For those of you who have never come across Club Penguin, here’s a quick overview:
The website’s slogan, ‘Waddle around and meet new friends’, pretty much sums it up – Club Penguin is a Massively Multiplayer Online Role Playing Game (MMORPG) for kids where they can meet up and make new friends. Now owned by Disney, there’s a fair bit of clout behind the application since it’s original launch by New Horizon Interactive in 2005.
I’ve reached that age where I’m no longer really considered one of the ‘children’ at family gatherings. However, I hope I’ve become one of those super cool relatives that’s still able to interact with the youngsters on their level and get asked to be on their team during the party games.
Boxing day at my grandparents is where my hopes come to fruition. Family members are split into Adults vs Children teams and a game of ‘Who’s in the Bag’ commences. The Oldies sneak a victory, and although I’m on the Children’s team, I feel I’m the real winner due to the team selection.
Nevertheless, shortly after the game I get my laptop out for a bit of browsing but am soon overwhelmed by children demanding I log into something called ‘Club Penguin’. Interested, I allow my younger cousins (roughly aged between 8 and 12 years) to guide me through the login process and show me around the virtual world that is Club Penguin.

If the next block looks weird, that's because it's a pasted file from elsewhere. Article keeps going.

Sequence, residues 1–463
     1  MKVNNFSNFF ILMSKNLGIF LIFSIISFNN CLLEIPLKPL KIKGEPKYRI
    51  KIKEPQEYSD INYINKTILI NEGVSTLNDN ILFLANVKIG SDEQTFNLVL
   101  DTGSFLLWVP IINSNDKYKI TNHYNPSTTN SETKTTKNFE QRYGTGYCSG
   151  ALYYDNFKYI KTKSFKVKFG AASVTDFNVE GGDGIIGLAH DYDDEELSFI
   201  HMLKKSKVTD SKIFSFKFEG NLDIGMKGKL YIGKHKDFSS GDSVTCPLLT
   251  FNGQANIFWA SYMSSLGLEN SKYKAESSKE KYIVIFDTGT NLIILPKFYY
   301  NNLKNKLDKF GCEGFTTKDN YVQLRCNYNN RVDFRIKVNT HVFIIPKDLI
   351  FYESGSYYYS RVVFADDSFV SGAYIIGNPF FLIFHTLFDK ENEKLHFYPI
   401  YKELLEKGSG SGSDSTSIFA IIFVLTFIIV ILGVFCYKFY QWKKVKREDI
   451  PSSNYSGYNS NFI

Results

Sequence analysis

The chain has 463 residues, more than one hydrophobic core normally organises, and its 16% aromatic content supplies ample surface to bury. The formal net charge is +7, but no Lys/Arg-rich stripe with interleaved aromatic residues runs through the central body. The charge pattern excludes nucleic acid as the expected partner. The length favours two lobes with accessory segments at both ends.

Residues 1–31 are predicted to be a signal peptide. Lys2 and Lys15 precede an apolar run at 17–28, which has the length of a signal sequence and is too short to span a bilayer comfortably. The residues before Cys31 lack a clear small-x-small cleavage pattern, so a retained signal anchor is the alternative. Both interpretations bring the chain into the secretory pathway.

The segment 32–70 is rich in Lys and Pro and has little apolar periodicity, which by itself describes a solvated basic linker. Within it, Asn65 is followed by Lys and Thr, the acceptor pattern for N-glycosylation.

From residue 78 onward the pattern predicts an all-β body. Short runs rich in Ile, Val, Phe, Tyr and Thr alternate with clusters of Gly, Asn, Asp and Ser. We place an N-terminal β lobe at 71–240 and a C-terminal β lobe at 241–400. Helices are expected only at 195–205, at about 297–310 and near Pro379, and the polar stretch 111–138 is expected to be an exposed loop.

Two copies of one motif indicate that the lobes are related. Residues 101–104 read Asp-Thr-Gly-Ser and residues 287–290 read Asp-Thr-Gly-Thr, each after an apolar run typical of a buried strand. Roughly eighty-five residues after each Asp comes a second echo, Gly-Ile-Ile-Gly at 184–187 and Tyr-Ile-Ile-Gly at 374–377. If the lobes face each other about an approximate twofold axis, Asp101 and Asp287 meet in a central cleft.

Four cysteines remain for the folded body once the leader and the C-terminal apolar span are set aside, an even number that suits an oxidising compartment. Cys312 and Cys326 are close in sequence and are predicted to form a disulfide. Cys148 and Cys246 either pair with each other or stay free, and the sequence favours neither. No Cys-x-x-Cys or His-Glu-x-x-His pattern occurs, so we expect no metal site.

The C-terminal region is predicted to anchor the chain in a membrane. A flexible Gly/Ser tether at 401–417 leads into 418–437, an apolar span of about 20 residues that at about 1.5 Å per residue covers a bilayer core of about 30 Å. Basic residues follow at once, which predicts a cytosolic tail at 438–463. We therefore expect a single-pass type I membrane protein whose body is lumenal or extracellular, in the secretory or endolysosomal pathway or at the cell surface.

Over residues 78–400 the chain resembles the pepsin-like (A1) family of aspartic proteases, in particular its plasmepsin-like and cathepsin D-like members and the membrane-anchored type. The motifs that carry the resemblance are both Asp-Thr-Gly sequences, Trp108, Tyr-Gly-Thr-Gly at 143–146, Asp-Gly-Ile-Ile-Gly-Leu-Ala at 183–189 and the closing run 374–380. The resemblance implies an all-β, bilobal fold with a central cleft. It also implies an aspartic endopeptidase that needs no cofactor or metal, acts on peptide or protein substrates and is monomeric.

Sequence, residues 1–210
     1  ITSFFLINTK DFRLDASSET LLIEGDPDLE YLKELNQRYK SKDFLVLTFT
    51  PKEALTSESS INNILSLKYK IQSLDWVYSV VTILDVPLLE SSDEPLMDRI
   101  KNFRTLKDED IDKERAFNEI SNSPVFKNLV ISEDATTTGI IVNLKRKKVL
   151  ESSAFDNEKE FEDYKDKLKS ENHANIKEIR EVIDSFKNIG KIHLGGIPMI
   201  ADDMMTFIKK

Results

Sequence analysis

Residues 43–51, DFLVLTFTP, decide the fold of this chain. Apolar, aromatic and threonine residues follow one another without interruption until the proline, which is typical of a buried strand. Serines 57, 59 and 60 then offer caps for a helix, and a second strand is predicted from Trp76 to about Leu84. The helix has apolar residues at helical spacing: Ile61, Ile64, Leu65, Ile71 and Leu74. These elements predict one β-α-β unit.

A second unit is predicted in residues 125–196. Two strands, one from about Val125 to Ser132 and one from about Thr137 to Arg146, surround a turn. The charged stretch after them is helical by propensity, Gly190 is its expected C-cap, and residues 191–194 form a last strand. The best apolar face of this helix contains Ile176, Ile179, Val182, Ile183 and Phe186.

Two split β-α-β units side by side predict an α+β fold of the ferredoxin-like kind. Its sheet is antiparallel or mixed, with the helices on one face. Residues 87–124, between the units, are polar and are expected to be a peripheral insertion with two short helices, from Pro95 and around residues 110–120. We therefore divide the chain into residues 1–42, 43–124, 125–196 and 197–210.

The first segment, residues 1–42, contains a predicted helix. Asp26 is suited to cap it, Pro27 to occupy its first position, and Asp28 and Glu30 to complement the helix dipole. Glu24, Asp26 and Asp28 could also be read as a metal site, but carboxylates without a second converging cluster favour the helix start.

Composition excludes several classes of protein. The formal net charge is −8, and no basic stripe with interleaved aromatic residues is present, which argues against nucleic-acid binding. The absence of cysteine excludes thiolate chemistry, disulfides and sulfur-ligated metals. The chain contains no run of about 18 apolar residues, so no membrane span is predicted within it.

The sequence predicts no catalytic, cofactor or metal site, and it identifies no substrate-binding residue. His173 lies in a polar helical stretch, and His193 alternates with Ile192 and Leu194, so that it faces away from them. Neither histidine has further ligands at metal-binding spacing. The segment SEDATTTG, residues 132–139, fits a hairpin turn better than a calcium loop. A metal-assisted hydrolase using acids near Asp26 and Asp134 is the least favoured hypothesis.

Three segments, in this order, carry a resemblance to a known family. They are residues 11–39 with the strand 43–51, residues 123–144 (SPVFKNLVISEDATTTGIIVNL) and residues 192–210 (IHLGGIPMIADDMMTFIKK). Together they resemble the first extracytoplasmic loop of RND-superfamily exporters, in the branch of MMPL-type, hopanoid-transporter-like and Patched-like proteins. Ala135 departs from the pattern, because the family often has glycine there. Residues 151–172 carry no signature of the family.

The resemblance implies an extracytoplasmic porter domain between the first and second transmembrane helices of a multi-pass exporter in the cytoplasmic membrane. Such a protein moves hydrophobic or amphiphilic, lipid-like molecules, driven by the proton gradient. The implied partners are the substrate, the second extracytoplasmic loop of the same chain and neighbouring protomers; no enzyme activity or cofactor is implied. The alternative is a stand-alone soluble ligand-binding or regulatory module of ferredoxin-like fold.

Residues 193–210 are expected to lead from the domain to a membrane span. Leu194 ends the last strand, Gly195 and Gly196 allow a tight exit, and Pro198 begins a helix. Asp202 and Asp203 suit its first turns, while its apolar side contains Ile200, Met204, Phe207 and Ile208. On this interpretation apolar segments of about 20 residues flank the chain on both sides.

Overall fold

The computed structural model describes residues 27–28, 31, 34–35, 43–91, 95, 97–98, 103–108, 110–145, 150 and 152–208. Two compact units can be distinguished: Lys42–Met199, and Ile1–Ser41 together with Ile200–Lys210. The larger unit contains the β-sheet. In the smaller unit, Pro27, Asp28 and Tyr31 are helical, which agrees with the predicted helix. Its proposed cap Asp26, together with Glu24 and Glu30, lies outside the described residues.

Virtual World for Children
I was astonished at the level of engagement these kids had with such a classic online game model. This is something which I’ve played for years but had never experienced at such a young age – create and customize a character, complete tasks to earn in-game currency, buy items and improve your character.
At first, I was surprised at how these children talked about the game, their feelings of accomplishment and how they enjoyed showing me the characters they had created. They knew and understood game mechanics as well as acted out in-game nuances and user-projected rules.
It suddenly dawned on me, not only should I not be surprised at this – of course children of this age will engage with online communities in the same way as their older counterparts – but I should be jealous. This generation will become far better equipped to deal with the ins and outs of virtual worlds, and in turn a completely ‘wired existence’, than I ever did or ever will.
Synoptic pruning takes care of that. These kids are using their brains in ways that I never did at such a young age. They’re learning to communicate, to form bonds and create communities across the web through play, and in doing so are preparing themselves for a future which will almost certainly be dictated by online technologies.
There’s always the lingering concerns of privacy when it comes to children and the internet. One of my immediate thoughts was how are these children protecting themselves online? What measures are in place to ensure their safety?
However, the more I think about it, perhaps benefits outweigh the risk. We’ve learnt harsh lessons since the dawn of the web when it comes to online privacy and those lessons have gone a long way towards protecting ourselves, and our children. The advantages opening themselves up when children engage in online virtual communities could be endless – and they enjoy it!
Let me know how you feel about children using online virtual communities. Are the dangers too great and how young is too young?
Image attributed to: San José Library, Flickr